Building an Aerobic Base: A Weblog

In 2017 I was a 26 year old who had been doing very little physical activity for years. The next year I started lifting weights regularly with a co-worker who competed at a high level in powerlifiting. My weakling body soon became much stronger and my body composition shifted towards more muscular while dropping some body fat. I competed in a three powerlifting competitions in 2018 and 2019, though I didn't ever rank high against my more tenured peers. My former co-worker now lives half a continent away but I still do weightlifting an average of four hours a week.

However, in the last year the spectre of cardio was haunting me. I never ran and I rarely rode my bike. I was well aware that my heart health was not being fully attended to by my lifting regimen.

So this summer I started running, "fast". It certainly felt fast to me. I was running a half mile as fast as I could go, and my times dropped lower and lower. At the end of my basically three minute runs, I was huffing and puffing for quite a long time before my body recovered.

Having stuck to that regimen for a month, I decided to go longer: one mile and then two. Even at these relatively short distances I mostly experienced running as a mental struggle keep myself from stopping to walk.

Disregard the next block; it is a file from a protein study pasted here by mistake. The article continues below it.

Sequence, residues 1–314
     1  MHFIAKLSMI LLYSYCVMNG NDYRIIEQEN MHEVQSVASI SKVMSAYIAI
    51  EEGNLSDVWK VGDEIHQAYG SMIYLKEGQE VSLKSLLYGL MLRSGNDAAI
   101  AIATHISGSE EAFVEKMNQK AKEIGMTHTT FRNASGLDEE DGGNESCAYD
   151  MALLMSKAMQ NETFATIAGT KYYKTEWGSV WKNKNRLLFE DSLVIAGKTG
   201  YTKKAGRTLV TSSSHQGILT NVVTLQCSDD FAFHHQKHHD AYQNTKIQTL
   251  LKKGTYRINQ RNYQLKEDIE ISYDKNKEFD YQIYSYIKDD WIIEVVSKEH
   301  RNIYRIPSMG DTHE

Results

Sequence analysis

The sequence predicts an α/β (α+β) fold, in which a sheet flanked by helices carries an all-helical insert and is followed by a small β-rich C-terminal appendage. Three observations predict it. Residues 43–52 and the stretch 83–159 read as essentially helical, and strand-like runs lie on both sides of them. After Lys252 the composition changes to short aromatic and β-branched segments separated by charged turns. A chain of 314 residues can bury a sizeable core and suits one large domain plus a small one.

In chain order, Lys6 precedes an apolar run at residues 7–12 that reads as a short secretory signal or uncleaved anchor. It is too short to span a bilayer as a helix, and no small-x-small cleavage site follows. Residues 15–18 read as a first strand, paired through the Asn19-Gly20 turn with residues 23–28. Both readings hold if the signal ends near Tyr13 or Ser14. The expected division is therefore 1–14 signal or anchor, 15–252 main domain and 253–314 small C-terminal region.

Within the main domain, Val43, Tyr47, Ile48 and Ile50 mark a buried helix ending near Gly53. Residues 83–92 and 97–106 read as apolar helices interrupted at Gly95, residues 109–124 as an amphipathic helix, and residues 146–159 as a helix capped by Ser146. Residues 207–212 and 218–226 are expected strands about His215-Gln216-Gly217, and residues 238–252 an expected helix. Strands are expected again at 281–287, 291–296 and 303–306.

But what really helped me understand running better was buying a smart watch. That's when I realized that my typical runs were being done with my average rate around 170 BPM. Thanks to Strava, I could compare myself to serious runners I knew who ran much faster mile times, and went much farther than I, and also, it turned out, did it all with a heart rate that was in the 140s or lower.

My search history filled up with new terms. Maffetone, HIIT, Heart Rate Zones, VO2 Max, Aerobic/Anerobic, Phosphagen, Glycolytic, Oxidative... With all this in my mind I decided to take my heart rate zones seriously, and focus on low intensity running to build up an aerobic endurance.

On my very first aerobic base building run my goal was to stay in heart rate zone 2 (134-146 for me). But that goal was immediately abandoned once I realized staying in zone 2 would probably require me to do nothing more than powerwalk. So my pride forced me to adjust my goal to stay in zone 3, which I was mostly able to do by running at what felt like a laughably slow pace.

It was the longest run I've done in my life, both in duration and distance. But at that speed it felt naively like I could continue pretty much indefinitely. Nothing hurt, except my pride.

I will update this page with my progress.

October 6, 2023